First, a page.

I’m not sure what there is to say about Kat Sandler that I haven’t said a hundred times before. She’s charming and witty and prolific and writes fast-paced, enjoyable plays that sneak up on you with their emotional and intellectual impact. She’s fantastic, which is why I’ve reviewed and interviewed and nominated her many times before so you know all this already. This year she’s once again up for Outstanding New Work for Yaga at the Tarragon Theatre.
Last time you did an interview was for the 2016 Series in 2017. Catch us up briefly on your life since then. That was the year you had three shows that had nominations.
Okay. The big ones since then were Bang Bang at the Factory Theatre, which was really exciting and crazy and stressful, and then the two shows [The Candidate / The Party] out at the Citadel where the same cast of 10 ran back and forth between two very faraway theatres and performed simultaneous farces for different audiences. That was obviously fucking nuts. And then Yaga, which happened in September. So three big plays, and then lots of little bits of TV work and lots of stuff in development.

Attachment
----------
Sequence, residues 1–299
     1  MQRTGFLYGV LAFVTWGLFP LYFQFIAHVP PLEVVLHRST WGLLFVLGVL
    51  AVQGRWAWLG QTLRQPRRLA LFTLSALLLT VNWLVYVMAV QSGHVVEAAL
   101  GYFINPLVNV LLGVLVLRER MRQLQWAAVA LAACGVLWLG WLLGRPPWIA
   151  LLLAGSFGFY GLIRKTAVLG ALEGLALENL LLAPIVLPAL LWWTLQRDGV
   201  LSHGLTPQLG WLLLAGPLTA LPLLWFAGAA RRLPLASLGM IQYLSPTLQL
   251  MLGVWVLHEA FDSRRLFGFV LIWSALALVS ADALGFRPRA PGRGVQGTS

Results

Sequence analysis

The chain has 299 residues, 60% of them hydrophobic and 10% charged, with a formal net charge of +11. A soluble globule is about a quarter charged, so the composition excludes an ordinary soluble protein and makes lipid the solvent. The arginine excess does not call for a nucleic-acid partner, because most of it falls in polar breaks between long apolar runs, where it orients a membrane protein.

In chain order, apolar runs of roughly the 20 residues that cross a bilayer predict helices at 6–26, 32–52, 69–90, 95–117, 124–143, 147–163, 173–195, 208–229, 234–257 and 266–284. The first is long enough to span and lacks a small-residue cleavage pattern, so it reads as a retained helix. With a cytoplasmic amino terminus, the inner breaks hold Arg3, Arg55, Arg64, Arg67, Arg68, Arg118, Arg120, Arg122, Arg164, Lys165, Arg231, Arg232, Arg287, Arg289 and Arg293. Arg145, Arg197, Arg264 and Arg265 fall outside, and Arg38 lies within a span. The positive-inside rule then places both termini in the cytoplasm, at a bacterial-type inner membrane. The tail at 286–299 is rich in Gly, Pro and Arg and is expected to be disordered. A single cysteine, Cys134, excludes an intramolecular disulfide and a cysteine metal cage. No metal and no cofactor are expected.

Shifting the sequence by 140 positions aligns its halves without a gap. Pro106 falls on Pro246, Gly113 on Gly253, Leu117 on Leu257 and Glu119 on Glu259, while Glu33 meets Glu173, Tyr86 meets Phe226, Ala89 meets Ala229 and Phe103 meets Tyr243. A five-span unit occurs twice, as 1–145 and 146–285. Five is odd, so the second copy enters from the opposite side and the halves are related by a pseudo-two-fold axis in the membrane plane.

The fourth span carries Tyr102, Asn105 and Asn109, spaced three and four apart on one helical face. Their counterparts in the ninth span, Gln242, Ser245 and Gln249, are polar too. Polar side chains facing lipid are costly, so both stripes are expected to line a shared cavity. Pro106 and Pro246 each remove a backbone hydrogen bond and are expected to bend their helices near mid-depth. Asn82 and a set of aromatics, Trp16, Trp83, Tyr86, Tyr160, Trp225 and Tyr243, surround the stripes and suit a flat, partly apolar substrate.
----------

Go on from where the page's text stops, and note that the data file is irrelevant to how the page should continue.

You’re nominated this year for Yaga. How did Baba Yaga enter your consciousness?
I must have read it as a kid or had it read to me. I had asthma as a little kid – I still have asthma – so my mom read so many books to me while I had this big mask on, which is probably where my love of reading and writing comes from. Tons and tons of fantasy. And Yaga was just a really cool badass weirdo. She’s not like other witches. She had a name. I talk about this a lot; I think we define so many witches by a colour or where they’re from, but it’s always “the witch” or “the wicked old witch”. Like the witch of Hansel and Gretel. They’re often defined by their protagonists, and Yaga had this cool, weird name, and was remembered for being all kinds of different things in different versions of her story. Like a healer, or a wise woman, or a source of evil, or just all kinds of stuff.
I came back to her [laughs] after going to the Sex Museum in New York. There was an exhibit on mating lives of animals, and I just wrote a bunch of monologues, some of which had to do with bones. I was looking for a way to frame them and went back to the Baba Yaga story, and imagined, what if she was this sexy older osteologist, or someone who had something to do with bones in modern day?